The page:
Broon – Cosmic Ceilidh: Album Review

A mandolin, electric and acoustic guitar instrumental work by Broon. Bizarrely, Cosmic Ceilidh is also one for the Rush fans to investigate.

Release date: Available now

Label: Self released. SBE CD20

Format: CD / DL / stream

Broon is Steve Brown. Readers of the Sunday Post will know The Broons – no relation. Rush fans will also know producer Terry Brown – aka Broon – and even Alex Lifeson’s Broon’s Bane acoustic showcase. Disparate elements but it all connects surprisingly easily.

So, multi-instrumentalist Steve Brown presents his debut album as an aside from his day job with a little help from some friends. One of who is Rush drummer Neil Peart via the wonders of modern production techniques. Did we mention his studio is Rivendell? We won’t go into the details… Suffice to say as a huge Rush fan, Steve is the man behind the annual Rush convention so it’s no surprise that there are going to be many obvious and equally many less obvious references to the holy triumvirate.

It’s all very diverse with world music, Celtic fusion and ‘Acid/Prog croft’ styles all colliding in a genuinely pleasurable experience. Solo acoustic guitar along with full band workouts led by mandolin and electric guitar. There are recurring musical themes and a seemingly deliberate Rush-ified bagful of clues thrown in for us fans.

Just for starters, the three-part Hope (as opposed to Fear) trilogy (the steel-string acoustic on Part I bringing to mind Jimmy Page’s Bron Yr Aur solo piece on Zeps’ Physical Graffiti) and reference to Heart And Mind (united in a single perfect sphere and aptly written for a friend’s wedding. Broon’s Bairns (ho ho – not so much of the banes…) features a light dusting of cornet by visiting New Zealander Pete Harbridge.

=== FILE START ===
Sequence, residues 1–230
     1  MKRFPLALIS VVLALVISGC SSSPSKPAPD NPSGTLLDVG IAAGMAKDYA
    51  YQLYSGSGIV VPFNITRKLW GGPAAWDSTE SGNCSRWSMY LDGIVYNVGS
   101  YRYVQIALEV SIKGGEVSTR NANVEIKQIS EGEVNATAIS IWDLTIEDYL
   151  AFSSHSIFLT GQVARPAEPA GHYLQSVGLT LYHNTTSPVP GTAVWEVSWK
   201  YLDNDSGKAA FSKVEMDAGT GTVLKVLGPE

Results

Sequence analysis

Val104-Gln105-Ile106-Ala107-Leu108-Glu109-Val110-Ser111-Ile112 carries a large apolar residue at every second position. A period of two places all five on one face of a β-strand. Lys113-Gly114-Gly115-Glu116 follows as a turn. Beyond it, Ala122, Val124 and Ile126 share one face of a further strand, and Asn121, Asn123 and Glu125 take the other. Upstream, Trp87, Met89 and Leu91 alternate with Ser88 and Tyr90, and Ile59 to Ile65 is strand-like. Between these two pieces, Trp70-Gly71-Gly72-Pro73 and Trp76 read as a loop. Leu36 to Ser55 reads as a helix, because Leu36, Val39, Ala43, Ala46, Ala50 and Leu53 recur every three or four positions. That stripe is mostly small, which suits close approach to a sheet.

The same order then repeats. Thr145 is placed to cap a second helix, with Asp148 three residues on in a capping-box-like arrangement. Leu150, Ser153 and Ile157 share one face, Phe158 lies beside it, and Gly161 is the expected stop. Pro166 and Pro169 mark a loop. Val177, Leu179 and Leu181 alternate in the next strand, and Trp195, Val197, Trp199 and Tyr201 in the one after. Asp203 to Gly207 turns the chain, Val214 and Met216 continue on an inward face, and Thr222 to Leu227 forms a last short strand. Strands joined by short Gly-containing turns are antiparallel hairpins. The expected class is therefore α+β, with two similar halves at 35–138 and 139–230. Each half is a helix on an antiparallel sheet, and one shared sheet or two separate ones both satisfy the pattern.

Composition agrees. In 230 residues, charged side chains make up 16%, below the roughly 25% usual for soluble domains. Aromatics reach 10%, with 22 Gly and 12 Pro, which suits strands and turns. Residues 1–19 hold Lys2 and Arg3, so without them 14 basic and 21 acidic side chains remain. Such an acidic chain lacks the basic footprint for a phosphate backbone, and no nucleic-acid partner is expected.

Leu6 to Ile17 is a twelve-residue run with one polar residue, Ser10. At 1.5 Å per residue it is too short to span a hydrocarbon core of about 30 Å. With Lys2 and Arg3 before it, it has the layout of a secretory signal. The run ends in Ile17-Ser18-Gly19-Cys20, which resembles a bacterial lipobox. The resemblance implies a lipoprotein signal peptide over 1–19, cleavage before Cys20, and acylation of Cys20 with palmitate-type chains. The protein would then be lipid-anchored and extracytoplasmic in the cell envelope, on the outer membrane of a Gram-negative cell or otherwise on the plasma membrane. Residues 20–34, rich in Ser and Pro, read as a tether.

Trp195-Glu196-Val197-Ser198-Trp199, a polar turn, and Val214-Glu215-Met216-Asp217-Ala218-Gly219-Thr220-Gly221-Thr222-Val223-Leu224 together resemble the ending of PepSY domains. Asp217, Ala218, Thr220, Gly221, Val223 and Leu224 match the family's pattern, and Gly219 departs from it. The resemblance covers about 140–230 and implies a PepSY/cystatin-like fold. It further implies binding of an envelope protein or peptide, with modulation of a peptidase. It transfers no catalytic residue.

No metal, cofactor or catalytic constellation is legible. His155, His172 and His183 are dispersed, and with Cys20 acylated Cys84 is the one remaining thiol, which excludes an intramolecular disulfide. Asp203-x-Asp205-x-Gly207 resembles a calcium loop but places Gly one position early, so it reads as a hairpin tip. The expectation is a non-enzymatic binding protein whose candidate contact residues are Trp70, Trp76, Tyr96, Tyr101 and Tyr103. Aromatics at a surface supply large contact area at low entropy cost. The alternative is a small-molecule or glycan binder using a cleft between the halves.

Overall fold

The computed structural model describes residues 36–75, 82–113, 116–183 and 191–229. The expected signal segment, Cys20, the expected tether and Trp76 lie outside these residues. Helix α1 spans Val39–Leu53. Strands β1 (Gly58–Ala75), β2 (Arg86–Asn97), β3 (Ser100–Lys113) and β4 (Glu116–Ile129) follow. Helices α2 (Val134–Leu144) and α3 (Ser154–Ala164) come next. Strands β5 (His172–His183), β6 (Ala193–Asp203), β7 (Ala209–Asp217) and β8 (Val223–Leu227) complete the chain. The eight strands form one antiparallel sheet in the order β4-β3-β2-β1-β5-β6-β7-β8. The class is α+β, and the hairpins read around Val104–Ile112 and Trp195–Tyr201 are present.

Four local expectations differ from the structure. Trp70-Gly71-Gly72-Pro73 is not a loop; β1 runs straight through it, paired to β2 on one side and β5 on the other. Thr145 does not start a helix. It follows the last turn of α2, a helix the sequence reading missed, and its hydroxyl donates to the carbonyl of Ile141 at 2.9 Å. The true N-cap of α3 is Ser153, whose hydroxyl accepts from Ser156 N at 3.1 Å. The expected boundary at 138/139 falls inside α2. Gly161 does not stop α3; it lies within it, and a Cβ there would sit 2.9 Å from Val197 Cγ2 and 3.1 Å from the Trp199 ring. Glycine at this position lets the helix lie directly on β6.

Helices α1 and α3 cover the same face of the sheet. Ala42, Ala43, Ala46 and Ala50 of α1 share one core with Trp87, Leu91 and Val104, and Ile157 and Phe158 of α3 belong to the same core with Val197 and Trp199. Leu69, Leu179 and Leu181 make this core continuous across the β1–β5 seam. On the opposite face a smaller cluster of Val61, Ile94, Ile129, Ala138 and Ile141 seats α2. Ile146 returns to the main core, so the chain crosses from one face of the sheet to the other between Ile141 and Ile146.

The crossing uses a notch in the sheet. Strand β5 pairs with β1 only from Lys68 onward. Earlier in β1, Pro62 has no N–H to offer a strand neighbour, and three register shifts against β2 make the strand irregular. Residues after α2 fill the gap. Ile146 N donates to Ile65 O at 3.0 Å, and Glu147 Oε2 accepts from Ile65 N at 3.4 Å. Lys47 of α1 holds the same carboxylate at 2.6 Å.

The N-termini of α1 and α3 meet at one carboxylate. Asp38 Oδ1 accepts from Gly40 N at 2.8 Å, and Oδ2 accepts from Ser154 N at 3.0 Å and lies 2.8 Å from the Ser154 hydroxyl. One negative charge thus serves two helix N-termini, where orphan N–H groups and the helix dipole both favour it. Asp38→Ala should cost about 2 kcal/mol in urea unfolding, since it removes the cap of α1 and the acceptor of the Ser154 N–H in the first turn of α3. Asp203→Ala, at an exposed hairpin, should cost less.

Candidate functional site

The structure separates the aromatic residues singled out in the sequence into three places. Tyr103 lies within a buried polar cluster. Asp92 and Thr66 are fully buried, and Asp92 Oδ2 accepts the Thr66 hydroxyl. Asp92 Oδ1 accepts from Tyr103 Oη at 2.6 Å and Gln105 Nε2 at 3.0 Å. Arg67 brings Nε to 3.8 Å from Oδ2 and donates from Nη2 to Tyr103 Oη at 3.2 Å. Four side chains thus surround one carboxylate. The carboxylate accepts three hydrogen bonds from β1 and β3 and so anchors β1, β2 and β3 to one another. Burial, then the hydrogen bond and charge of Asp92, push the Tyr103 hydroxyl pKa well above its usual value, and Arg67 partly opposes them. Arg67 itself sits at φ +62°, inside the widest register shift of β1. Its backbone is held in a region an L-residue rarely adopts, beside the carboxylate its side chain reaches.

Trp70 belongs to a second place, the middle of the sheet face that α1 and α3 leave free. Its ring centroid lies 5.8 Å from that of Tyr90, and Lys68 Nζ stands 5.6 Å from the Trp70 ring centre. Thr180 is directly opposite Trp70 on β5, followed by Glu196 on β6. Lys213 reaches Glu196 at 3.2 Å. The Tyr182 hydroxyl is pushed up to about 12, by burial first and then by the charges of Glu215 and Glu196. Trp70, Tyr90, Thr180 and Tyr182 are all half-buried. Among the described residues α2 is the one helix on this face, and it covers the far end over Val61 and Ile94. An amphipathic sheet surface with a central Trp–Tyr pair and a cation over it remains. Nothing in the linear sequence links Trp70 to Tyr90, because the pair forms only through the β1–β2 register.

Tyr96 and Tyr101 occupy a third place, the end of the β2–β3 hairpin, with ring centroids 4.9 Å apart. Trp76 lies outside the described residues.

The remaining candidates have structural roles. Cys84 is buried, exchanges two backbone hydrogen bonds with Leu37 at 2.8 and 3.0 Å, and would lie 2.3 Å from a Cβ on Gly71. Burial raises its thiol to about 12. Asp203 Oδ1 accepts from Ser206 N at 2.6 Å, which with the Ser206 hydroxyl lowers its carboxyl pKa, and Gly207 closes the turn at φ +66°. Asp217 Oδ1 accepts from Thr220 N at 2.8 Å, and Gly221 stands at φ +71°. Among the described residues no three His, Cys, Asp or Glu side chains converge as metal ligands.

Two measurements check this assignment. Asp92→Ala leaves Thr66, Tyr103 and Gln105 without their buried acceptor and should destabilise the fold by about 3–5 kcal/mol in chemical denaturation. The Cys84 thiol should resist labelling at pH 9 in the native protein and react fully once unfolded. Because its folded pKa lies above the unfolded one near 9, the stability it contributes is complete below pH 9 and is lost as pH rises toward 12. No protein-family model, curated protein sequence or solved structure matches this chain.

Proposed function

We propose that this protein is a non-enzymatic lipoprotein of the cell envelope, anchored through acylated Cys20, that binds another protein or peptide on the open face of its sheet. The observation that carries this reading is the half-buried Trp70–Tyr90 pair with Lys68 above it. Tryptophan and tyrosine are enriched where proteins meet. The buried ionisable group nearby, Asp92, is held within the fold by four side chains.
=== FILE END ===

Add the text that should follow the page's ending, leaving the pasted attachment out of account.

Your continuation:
Another ‘wedding’ tune is The Devil Came down To Glenuig. Although sounding more like it should be a barn dance, it holds parts reminiscent of A Farewell To Kings. It is actually a right barnstormer with the electric guitar well and truly plugged in and despite the Neil Peart drum loops on this track, there’s not a hint (to these ears) of anything derivative.

The general air is light hearted and playful although Hash Browns rocks like a hurricane with some funky and dirty lead lines thrown in . Have to say that it’s perhaps the closest nod to Rush in a garage band sort of way. We do finally get a ‘proper’ barndance and chance to swing our pants and our partners on The Great Unmastered. A grand build up with fiddle, whistle, mandolin and flute all taking turns to step into the spotlight. And a grand way to bring the album to a close lest we should forget the delicate solo classical Slante Mhath to which we can raise a glass.

A lovely departure as bright and colourful as the highland beast which graces the cover (no it’s not Steve…)

Get a taste of Broon on Thousand Pound Noodles:

Broon online: Website / Facebook / Bandcamp

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